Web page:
What allowed some people to see the financial crash coming while so many others missed its gathering force? I put that question recently to Nouriel Roubini, who has come to be known as "Dr. Doom" because of his insistent warnings starting in 2006 that we were heading into a global firestorm.
Roubini gave two kinds of answers. The first involves standard number-crunching of the sort that economists routinely do -- and that Roubini just did better and sooner. It's his second answer that's more interesting, because it goes to the heart of what we should take away from this crisis: Roubini decided to discard the assumption of market rationality that underlies most economics and to embrace the psychological insights of what's known as "behavioral economics."
First, the standard analytical explanation: Roubini said that he studied a chart in economist Robert J. Shiller's book "Irrational Exuberance." It showed that U.S. housing prices, adjusted for inflation, had remained essentially flat for a century, until the mid-1990s, when they began to shoot up. What's more, Roubini saw that the most recent housing correction in the late 1980s had a severe effect on the financial system -- leading ultimately to the collapse of the savings and loan industry.
So Roubini knew two things: Housing prices wouldn't keep going up forever, and when they went down, they would take a big piece of the financial system with them. From then on, it was a matter of watching the data.
But everyone else had those same numbers. Why did Roubini act? The answer is that he decided to trust his gut, which told him there was trouble ahead, rather than Wall Street's "wisdom of the crowd," which -- as reflected in stock prices -- said everything was rosy. He concluded that the markets were not pricing in the degree of risk that was actually present in housing.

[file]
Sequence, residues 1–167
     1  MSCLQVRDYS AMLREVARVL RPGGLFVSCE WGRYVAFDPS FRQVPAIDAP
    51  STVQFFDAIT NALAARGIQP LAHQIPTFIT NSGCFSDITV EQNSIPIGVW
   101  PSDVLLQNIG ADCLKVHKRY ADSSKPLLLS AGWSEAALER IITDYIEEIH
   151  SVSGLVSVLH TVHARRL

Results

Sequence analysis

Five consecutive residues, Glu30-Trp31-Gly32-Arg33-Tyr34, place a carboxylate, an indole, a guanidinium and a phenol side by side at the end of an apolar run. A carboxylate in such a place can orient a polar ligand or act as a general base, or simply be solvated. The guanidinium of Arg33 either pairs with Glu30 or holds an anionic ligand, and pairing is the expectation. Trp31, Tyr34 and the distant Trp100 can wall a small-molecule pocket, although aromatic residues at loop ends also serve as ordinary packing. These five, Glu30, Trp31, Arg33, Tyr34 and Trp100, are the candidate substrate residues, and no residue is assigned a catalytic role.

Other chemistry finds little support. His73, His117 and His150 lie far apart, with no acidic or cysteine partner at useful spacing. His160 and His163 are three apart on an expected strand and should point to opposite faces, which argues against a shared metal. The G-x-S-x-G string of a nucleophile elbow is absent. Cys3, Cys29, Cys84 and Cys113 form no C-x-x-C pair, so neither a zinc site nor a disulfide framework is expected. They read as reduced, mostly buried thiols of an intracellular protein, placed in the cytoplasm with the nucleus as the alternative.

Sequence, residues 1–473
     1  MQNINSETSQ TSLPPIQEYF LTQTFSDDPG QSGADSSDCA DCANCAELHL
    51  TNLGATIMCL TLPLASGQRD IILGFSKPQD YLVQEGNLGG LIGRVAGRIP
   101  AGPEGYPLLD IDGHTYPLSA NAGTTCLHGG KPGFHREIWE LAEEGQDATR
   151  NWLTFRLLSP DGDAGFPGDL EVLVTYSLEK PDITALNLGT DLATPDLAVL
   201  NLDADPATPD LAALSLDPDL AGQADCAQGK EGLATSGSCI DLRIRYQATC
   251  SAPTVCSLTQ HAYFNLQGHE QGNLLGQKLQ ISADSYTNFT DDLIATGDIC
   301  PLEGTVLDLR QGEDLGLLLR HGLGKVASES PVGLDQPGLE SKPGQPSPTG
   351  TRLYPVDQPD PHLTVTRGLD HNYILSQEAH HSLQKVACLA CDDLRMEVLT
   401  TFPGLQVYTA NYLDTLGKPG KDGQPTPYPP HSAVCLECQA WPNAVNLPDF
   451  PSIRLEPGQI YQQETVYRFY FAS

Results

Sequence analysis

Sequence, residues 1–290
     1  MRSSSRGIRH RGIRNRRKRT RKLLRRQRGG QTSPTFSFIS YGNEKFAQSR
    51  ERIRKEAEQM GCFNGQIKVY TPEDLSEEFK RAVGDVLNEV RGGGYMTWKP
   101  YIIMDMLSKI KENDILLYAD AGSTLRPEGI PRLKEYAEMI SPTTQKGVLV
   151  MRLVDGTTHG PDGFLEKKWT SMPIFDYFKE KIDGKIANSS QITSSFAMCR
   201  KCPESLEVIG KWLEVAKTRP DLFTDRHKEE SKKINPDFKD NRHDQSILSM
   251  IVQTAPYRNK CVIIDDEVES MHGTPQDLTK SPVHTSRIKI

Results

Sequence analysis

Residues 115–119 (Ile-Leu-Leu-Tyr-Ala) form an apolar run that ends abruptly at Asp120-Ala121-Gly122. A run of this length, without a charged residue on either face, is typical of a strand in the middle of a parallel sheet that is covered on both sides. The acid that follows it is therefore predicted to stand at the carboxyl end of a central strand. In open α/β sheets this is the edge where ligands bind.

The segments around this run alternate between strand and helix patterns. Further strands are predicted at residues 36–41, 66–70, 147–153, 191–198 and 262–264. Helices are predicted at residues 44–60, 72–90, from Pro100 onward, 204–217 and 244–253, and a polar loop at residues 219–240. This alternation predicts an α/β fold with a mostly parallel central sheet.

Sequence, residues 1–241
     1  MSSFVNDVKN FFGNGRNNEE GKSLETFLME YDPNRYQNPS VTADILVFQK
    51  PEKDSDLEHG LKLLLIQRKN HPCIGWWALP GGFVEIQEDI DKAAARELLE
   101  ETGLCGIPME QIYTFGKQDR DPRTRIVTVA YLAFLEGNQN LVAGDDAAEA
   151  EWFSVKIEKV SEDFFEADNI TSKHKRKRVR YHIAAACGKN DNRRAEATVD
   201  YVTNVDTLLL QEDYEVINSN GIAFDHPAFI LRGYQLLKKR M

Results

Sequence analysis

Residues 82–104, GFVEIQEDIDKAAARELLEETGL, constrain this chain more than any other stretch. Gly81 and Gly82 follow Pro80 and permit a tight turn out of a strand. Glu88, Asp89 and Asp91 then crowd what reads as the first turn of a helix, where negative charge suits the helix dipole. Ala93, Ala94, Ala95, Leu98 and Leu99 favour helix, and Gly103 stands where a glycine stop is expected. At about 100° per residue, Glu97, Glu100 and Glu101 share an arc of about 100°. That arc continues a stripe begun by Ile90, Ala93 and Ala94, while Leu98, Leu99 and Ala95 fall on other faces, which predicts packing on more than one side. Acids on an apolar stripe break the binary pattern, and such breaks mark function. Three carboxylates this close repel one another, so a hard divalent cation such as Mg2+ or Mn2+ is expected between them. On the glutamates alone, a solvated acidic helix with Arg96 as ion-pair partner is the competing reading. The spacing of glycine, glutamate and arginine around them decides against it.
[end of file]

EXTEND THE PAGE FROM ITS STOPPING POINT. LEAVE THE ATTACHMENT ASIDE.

"The rational man theory of economics has not worked," Roubini said last month at a session of the World Economic Forum at Davos. That's why he and other prominent economists are paying more attention to behavioral economics, which starts from the premise that economic decisions, like other aspects of human behavior, are influenced by irrational psychological factors.
The most compelling rebuttal of the rational model, paradoxically, was delivered by the ultimate rationalist, Alan Greenspan. "I made a mistake in presuming that the self-interests of organizations, specifically banks and others, were such that they were best capable of protecting their own shareholders," the former Fed chairman told Congress last October.
That's why Greenspan didn't see it coming, argues Daniel Kahneman, a Princeton professor who is often described as the father of behavioral economics. His rational-actor model wouldn't let him.
Let me put in a plug here for the godfather of behavioral economics, John Maynard Keynes. His 1936 "General Theory" is often interpreted simplistically as a call for fixing recessions by boosting demand with government spending. But at a deeper level, Keynes was analyzing the role of psychological factors, such as greed and fear, in economic decisions. He understood that markets freeze when people panic and start hoarding cash. ("Extreme liquidity preference," he called it.) Conversely, economies start to roar when investors feel a surge of what Keynes called "animal spirits."
One of the most powerful ideas I heard at Davos was the idea of "pre-mortem" analysis, which was first proposed by psychologist Gary Klein and has been taken up by Kahneman.
A pre-mortem analysis can provide a real "stress test" to conventional thinking. Let's say that a company or government agency has decided on a plan of action. But before implementing it, the boss asks people to assume that five years from now, the plan has failed -- and then to write a brief explanation of why it didn't work. This approach stands a chance of bringing to the surface problems that the decision makers had overlooked -- the "black swans," to use former trader Nassim Nicholas Taleb's phrase, that people assumed wouldn't happen in the near future because they hadn't occurred in the recent past.
One more take-away from this year's Davos forum was a Japanese proverb cited by one speaker: "An inch ahead is darkness." Recognizing the inherent unpredictability of economic life -- the darkness that's just ahead -- should make us wary. But it can also make us smart.
The writer is co-host of PostGlobal, an online discussion of international issues. His e-mail address is email@example.com